- In August, a mysterious man using the pseudonym Patrick Kessler met with top lawyers David Boies and John Pottinger and told them he had access to a vast archive of the late Jeffrey Epstein’s files.
- Kessler said the archive included the vast amount of personal-security footage that Epstein filmed inside his various properties, and that it included incriminating shots of the financier’s famous associates.
- With the lure of grainy photographs that Kessler claimed showed men like Ehud Barak, the former Prime Minister of Israel, and Alan Dershowitz, Boies’ legal nemesis, having sex with the women Epstein coerced and trafficked, the supposed whistleblower convinced the two lawyers he was worth their time.
- Over months of encrypted correspondence and back-and-forth between interested parties, including The New York Times, Kessler’s promises led to a failed plot for Boies and Pottinger to generate millions.
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A mysterious man told two of the country’s most powerful lawyers that he could give them access to the late Jeffrey Epstein’s data, including incriminating evidence of the financier’s famous associates with the women – many of whom were underage – that Epstein was accused of coercing and trafficking.
Under the pseudonym Patrick Kessler, the man was successful in leading the two lawyers, David Boies and John Pottinger, along for months. He even got The New York Times involved.
The evidence Kessler claimed to have access to never materialized, and the grainy photos he claimed showed men, including Alan Dershowitz and Ehud Barak, having sex with women connected to Epstein were never verified. Both Dershowitz and Barak denied to The Times that they were in the photos, and Boies and Pottinger went from calling Kessler a “whistleblower” to a “fraudster.”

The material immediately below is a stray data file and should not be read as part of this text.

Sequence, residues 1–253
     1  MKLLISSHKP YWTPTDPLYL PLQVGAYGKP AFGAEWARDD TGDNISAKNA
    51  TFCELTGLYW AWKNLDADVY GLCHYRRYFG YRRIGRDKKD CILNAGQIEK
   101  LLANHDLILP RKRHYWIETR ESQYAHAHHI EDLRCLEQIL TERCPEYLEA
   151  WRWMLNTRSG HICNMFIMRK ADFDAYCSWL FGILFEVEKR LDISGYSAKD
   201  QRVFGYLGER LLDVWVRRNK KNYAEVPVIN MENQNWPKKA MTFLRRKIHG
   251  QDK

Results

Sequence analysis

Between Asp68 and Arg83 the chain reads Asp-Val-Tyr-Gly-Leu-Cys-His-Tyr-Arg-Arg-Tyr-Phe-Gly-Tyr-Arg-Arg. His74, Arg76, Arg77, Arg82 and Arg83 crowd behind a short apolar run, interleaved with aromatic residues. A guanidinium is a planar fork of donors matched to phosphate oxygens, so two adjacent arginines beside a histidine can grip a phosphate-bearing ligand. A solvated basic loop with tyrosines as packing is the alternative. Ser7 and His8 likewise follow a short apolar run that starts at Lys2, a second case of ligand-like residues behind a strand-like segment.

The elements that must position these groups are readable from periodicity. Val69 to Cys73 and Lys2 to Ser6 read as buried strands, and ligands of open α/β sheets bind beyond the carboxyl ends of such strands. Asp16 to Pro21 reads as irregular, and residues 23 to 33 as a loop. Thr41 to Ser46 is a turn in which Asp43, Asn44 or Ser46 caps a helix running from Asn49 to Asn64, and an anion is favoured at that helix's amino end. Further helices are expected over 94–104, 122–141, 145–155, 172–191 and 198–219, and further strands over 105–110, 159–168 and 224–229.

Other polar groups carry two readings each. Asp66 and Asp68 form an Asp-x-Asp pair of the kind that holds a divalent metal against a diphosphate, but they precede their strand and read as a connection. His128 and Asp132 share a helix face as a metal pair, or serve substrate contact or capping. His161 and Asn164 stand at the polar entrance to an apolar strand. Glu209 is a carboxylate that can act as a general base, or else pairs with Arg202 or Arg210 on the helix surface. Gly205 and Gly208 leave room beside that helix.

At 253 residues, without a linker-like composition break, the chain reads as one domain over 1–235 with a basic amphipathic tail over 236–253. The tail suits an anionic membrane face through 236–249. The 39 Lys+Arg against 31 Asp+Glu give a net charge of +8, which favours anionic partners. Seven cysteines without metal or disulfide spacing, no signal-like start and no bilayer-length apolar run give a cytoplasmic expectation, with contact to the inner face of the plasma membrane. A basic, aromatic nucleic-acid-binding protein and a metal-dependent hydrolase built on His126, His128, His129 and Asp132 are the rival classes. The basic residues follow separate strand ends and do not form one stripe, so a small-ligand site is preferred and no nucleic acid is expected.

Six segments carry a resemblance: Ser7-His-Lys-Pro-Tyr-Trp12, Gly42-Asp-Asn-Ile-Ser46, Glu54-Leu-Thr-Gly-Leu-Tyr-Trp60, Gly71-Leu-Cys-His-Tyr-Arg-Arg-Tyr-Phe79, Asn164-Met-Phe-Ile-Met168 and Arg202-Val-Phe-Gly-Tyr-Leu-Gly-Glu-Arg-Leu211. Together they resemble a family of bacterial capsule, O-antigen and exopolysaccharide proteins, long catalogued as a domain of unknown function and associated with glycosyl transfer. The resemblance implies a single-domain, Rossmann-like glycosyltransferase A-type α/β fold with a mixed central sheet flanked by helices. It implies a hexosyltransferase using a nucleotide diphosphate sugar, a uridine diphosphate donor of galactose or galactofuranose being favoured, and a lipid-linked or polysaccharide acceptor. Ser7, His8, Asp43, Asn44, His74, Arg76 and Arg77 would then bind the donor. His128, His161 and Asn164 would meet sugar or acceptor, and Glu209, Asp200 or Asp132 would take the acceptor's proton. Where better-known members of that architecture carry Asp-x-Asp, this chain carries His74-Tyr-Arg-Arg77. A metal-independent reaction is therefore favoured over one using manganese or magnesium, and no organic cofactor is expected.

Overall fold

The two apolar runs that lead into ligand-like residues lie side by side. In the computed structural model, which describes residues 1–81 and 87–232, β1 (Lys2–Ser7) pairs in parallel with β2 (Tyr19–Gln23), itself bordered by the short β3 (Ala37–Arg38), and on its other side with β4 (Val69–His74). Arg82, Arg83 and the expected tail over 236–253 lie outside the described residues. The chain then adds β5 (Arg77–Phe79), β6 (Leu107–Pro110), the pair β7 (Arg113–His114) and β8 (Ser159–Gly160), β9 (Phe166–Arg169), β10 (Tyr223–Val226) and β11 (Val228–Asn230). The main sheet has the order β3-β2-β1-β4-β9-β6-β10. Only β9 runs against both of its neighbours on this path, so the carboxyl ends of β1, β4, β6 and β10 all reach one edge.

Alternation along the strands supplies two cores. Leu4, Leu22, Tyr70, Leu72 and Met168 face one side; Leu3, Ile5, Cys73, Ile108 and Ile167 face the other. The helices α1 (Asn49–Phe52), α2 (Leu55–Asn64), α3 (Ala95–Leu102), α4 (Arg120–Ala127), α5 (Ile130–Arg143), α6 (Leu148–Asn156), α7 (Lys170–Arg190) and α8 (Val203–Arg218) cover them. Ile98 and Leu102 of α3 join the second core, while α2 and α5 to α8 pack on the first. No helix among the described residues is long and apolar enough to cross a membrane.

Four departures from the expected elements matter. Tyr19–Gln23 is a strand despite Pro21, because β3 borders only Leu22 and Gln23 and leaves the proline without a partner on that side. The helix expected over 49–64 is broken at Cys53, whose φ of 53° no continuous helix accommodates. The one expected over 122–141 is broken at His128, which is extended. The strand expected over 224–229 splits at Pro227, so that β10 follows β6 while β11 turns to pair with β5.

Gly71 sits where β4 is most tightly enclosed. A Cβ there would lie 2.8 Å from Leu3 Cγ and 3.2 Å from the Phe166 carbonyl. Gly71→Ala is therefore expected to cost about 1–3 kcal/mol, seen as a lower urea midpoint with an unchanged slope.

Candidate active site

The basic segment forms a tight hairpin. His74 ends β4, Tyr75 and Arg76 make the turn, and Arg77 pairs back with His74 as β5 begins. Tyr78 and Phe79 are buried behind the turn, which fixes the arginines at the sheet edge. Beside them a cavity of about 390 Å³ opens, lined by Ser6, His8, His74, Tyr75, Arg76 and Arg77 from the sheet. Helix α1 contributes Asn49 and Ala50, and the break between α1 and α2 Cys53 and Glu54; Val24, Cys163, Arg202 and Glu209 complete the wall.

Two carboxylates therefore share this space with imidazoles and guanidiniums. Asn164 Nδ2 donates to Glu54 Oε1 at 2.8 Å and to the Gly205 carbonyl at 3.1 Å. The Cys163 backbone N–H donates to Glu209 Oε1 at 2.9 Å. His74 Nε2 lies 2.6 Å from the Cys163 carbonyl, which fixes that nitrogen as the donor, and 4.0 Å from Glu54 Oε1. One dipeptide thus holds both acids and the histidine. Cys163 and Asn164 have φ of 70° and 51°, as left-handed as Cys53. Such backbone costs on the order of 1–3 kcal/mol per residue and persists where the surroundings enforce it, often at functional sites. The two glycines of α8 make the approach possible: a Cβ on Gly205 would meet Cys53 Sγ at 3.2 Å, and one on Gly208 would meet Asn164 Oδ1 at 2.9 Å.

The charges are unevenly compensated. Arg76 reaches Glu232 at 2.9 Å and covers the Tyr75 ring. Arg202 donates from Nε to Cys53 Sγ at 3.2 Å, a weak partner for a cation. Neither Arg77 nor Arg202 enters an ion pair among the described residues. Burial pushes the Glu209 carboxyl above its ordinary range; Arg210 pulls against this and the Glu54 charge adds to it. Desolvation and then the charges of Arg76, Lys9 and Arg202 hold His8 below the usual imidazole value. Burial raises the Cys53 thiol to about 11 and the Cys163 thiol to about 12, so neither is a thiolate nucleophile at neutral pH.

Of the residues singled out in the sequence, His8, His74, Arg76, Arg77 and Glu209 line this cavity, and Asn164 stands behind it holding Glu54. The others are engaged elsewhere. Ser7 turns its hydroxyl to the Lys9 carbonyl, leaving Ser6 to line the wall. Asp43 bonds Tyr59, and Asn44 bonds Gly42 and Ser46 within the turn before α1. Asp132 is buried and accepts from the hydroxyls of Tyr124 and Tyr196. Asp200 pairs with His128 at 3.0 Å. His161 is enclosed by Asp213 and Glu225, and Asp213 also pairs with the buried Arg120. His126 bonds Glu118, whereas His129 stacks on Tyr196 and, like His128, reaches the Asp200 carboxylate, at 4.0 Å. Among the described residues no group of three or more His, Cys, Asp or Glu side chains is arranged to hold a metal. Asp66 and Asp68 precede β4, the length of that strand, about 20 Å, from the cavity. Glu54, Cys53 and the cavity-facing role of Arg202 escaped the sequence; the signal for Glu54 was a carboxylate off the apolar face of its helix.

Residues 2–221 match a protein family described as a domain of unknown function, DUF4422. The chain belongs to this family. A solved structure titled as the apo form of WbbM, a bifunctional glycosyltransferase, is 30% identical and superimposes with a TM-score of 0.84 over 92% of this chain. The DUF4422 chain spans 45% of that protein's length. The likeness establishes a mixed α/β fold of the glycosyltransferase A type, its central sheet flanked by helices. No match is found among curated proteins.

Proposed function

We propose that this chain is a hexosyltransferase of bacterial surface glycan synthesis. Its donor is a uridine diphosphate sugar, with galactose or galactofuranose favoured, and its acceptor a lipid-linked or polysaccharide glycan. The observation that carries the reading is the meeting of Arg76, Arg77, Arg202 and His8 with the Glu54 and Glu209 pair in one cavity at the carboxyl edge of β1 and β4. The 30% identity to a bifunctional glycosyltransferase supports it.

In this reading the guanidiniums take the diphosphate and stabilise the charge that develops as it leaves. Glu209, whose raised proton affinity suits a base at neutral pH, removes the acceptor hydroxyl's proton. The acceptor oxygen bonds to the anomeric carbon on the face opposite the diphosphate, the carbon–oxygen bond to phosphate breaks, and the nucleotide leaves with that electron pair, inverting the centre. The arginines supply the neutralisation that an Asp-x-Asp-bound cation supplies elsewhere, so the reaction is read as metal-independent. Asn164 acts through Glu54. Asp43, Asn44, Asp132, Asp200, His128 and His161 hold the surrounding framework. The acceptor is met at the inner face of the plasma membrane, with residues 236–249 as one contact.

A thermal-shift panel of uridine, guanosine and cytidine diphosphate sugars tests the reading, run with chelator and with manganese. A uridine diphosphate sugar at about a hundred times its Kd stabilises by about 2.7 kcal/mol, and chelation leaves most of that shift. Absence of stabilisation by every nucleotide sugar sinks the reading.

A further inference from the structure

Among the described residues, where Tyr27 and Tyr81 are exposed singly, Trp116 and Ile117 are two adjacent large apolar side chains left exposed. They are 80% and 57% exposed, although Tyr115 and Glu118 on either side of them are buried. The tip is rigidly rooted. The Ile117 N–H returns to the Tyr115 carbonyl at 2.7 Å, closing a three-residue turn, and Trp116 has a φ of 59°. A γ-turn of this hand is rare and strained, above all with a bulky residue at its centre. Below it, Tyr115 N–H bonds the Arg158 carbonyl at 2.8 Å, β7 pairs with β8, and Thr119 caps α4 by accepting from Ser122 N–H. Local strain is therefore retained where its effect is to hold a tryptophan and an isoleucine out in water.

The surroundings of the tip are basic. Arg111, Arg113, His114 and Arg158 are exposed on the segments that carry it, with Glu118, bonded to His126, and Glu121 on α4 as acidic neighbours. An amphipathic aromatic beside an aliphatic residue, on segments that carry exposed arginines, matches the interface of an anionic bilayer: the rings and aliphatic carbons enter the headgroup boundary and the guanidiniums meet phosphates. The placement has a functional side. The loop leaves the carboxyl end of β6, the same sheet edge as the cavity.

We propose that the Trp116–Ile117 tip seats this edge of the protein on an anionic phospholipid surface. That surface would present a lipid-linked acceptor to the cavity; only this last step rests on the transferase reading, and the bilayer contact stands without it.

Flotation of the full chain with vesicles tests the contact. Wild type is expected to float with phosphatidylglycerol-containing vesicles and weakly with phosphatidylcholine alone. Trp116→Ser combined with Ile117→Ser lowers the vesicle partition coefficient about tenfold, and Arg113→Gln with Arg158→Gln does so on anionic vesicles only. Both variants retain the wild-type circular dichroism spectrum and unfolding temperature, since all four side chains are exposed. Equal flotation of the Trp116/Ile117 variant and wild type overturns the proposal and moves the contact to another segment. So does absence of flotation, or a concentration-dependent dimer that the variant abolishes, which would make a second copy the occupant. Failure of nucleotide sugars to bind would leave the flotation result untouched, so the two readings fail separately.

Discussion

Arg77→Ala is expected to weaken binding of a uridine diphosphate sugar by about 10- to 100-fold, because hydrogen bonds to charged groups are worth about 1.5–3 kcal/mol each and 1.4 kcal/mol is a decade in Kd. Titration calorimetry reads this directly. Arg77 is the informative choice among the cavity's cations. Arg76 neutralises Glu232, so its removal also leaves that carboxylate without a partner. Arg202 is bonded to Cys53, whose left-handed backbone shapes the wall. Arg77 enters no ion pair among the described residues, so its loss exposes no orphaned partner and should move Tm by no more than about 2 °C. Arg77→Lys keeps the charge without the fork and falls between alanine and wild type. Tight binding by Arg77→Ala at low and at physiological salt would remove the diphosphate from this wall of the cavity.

But the lead-up to the eventual disappointment revealed that the two lawyers were willing to represent both sides of Epstein’s sex trafficking case to generate millions of dollars. They say that some of the money they hoped to win from the men incriminated by Kessler’s evidence would go toward the victims, but they would each have also received boosts, both financially and in PR.
The Times’ own investigation showed that the lawyers and Kessler told wildly different stories to different sources, as Epstein’s legal legacy continued to unfold.
How an ‘informant’ led powerful lawyers astray with promises of Epstein’s evidence that never materialized
In August, Kessler, who drank “like a fish” and had a large, commanding presence, first contacted a lawyer who had access to Epstein’s accusers – Brad Edwards, the Florida-based attorney who represents a number of the late financier’s victims. Edwards referred Kessler to his New York partner, Pottinger.
In initial discussions with Pottinger, who looped in Boies – another well-known representative of Epstein’s accusers – Kessler claimed to have access to encrypted files from Epstein’s many properties that showed seven powerful men having sex with women connected to Epstein. In some cases, he said the men were committing rape.